Non-operational risks are those, which involve the organization’s assets. Fire and rescue service providers are also faced with these risks within their premises. If they do not safeguard themselves from their effects, then they stand a chance of losing their assets. This will interfere with their service delivery to the public. For example, a fire outbreak in a fire station will destroy fire-fighting equipments. This will definitely compromise their competence in responding to fire alerts. They should therefore take precautions against all possible risks that may get in the way of their operations. Non-operational risks in a fire station are mainly caused by negligence. This involves mishandling of dangerous substances. Electricity however happens to be the leading source of fires in premises. Care should therefore be taken when handling electricity and flammable chemicals.

The risk assessment procedure is categorized into five stages. The first stage is that of hazard identification. This involves assessing the work environment and finding out what might harm people in the course of their duty. This can also be based on past experiences of accidents and poor health conditions. Some hazards are negligible but have serious consequences in the end. A good example is that of harmful gases, whose inhalation can lead to health problems in future. These should also be considered when assessing the hazards. The second stage is about determining the most vulnerable people. This also identifies the nature of the possible harm that is whether it is physical injury or health problems.

In the third stage, the risks are evaluated and a decision is made on the precautions to take. It is not possible to get rid of hazards completely. However, anything that can be done in a practical and reasonable way should be done to ensure employee safety at work. The fourth stage involves recording the conclusions and ensuring that they are implemented. This is to provide the employees with a reminder on what they should do to ensure safety. The findings should be recorded in the simplest way possible such that employees at all capacities are able to understand it. The fifth and final stage of risk assessment is that of reviewing the whole assessment and making amendments where necessary. This is done over time as more hazards are identified in the daily running of activities in the organization. Any amendments made should be communicated to the employees on time. At the end of this document is an example of a risk assessment, which is used during operational incidents.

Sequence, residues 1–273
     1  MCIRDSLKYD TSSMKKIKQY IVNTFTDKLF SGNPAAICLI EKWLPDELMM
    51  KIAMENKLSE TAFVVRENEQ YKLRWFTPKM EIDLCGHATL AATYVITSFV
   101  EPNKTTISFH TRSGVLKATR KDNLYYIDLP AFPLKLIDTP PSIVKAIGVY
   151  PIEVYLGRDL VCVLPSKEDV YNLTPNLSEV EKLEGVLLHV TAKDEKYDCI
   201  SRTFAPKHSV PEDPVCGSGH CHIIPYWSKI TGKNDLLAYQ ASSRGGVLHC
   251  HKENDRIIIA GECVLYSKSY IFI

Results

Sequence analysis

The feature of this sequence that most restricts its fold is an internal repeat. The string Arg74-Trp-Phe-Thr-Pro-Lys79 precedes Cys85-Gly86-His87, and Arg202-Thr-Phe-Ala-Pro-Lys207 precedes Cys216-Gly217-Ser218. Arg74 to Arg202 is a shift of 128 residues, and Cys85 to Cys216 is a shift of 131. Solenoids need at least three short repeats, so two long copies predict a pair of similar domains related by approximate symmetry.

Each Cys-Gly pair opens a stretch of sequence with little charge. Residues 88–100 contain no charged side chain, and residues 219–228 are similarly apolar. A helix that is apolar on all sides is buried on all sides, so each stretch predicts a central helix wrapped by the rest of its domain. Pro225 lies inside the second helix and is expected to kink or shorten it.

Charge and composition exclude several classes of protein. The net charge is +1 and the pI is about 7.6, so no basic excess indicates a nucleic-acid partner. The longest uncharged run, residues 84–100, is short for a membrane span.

“The fire and rescue services Act 2004 corresponds to the widespread reforms of the legal framework related to fire risks and the responses to this” (Integrated Risk Management Plan 6) . This act was published by the communities for Local government to be able to guide the fire fighting and response procedures. The Oxfordshire County Council Fire and Rescue Service came up with standards guiding the delivery of fire fighting services when the need arises. This department is bound by the law to provide these services and equipments in the local area. It also offers training and procurement services in relation to fire emergencies. The integrated risk management plan (IRMP) is a publication of this department, aimed at “developing local response standards towards fire and rescue services provision both now and in the future” (Integrated Risk Management Plan 10)